Fortunately, she was the last patient of the day, and after she left the office, I went into my private office and sobbed. I cried because of the apparent injustice of such a beautiful young woman dying of cancer; a woman of incredible courage; a mother; a wife. I cried because there was nothing I could do as a doctor; as a healer; to heal her. And then I cried again as I sat at her funeral, listening to her friends and relatives eulogize her beautiful life.
But this example, like most, was a time when I cried in private. My office staff probably heard me in my office crying, but they left me alone in my grief. Looking back over my career, however, there have been some memorable and moving times where my crying did not occur behind closed doors, but rather quite publicly.
Nine years ago today, on April 13, 2009, a baby boy was born who was given a middle name that was one of my middle names. This little life would not be long in this world, as his lifespan was measured in minutes rather than decades. His story is what prompted me to write this blog today. His parents asked for me to eulogize their son, and so I set out to write a eulogy about the meaning of each of his three given names. A week later, in a church filled to capacity, I looked out over the sea of people who had come to support this baby boy’s family. As he was the son of a police officer, half of the room was filled with police officers and their spouses. I began to weave my way through the eulogy, tying together the names this couple had given their son, and bringing to light the significance of his names. But nearly halfway through the eulogy, my throat swelled, and tears flowed freely down my face. My eyes connected with the eyes of the pastor who was sitting several rows behind the parents. His lips moved and I recognized what he was saying, “Would you like for me to finish?” These seven words were gladly received, and we traded positions; he at the pulpit, and me seated behind the parents. This brilliant pastor had seen where I was going, and as if planned this way, he skillfully wove the eulogy to completion in a manner that was far better than I could have done. As a doctor, I couldn’t save the life of this baby boy, and because of my grief, I could not even finish his eulogy.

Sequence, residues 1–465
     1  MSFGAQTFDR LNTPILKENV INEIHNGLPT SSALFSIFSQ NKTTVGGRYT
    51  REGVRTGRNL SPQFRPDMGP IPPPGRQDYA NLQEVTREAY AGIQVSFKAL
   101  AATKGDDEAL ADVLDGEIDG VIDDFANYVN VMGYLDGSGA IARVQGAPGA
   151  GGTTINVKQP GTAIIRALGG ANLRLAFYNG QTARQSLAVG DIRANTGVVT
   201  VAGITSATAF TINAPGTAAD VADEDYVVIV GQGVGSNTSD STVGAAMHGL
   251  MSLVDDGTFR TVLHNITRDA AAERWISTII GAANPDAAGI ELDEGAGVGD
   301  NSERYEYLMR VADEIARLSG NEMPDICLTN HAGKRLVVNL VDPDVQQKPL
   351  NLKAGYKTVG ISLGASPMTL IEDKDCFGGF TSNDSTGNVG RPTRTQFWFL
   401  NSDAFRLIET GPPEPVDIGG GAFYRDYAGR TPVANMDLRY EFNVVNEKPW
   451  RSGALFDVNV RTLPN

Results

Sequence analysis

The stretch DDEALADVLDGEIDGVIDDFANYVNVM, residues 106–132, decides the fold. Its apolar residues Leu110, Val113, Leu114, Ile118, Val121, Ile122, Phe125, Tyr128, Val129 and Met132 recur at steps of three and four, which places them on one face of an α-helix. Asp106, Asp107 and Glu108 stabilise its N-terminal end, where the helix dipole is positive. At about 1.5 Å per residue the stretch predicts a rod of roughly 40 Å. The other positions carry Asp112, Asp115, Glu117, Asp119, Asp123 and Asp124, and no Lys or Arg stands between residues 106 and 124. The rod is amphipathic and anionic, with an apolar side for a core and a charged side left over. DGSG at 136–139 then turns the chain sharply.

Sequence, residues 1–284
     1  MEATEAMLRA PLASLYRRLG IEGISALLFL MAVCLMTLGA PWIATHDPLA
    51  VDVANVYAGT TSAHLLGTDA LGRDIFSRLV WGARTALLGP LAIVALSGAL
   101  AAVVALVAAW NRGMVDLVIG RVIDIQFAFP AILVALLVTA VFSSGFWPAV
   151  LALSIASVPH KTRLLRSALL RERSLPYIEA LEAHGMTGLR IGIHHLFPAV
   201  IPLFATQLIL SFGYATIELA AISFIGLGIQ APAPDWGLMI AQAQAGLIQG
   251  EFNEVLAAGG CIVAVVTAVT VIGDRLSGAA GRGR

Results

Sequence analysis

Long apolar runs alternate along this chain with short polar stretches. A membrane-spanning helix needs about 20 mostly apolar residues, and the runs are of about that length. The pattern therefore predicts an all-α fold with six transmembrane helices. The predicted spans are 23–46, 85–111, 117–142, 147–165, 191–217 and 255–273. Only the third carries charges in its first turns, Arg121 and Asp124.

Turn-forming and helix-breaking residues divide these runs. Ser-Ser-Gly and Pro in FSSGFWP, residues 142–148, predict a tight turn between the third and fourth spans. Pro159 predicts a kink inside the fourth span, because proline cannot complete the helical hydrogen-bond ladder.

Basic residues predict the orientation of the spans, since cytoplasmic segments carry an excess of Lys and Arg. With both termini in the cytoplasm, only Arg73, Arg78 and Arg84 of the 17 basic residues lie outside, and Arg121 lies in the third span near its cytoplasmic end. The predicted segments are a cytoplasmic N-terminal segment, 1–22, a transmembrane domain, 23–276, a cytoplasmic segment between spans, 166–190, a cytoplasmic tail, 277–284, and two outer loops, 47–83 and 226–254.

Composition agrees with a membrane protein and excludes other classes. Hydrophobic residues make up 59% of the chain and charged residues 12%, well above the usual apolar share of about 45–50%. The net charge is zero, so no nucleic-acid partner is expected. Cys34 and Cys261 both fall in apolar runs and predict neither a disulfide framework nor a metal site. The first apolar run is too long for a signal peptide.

The last time that I cried for a patient was yesterday.
After having spoken to the family of a sudden and very unexpected loss, I sat alone in the counselling room and finished drafting the medical report. As I finished the last line of the report, another doctor who had helped me walked back into the room and sat silently across from me. I closed the chart and set down my pen and walked across the room and sat next to her. Seeing her tears caused the tears rimming my eyes to flow freely down my face. We sat together, prayed together, and she shared some insight into her own grieving for patients that is not for me to share. But here in this tiny room in this corner of the world sat two doctors reeling from the events of the day. It was a solemn moment; a beautiful moment; a moment that would be conducive to the healing of two healers’ hearts.
My brain wants to spiritualize this message; or to have some profound conclusion to it, but my heart says to just come quickly to a period at the end of the sentence and be finished. You can draw you own conclusion, and perhaps that is best.
Has a doctor ever cried with you?
Have you ever seen a doctor in a professional setting weep openly?
Were they tears of joy?
Were they tears of sorrow?
Please share your thoughts with me, either publicly or privately. I would love to hear from you.

Friday, December 15, 2017

The Longest Commute

My twelve-year-old Toyota pickup truck only has 63,000 miles on it, mostly because my commute for the past 12 years has been a half-mile from my house to my office.  Then it was a mile from my office to the hospital. Then a half-mile back home from the hospital. Typically I would drive about 2 miles a day. I filled the gas tank of my truck once a month, and generally lived my life inside a one-mile radius.

Then, last January, after selling my ob/gyn practice, my commute changed from a half-mile to thousands of miles.  This coming January I will once more commute to West Africa, to teach African surgeons how to do the surgeries that I do, and to help them use their medical and surgical skills as their ministry to their patients.

If you are reading this, then you have likely helped to support me with these endeavors, and I am extremely grateful to you. This year I am scheduled to make at least three, and possibly four extended trips to three (or four) different hospitals in West and Central Africa. Inside my luggage for the first trip are three complete surgical trays, two for doing cesarean sections, and one for doing abdominal and pelvic surgery. These are brand new German stainless steel surgical instruments, of the highest quality, that will be used for decades. 

I'm extremely grateful to each of you who have helped me to go and to serve and to teach. Know that you are making a difference in the world, one patient at a time. The education that I will provide to these doctors, and the surgical instruments that I will bring, will continue to serve these communities long after I have left.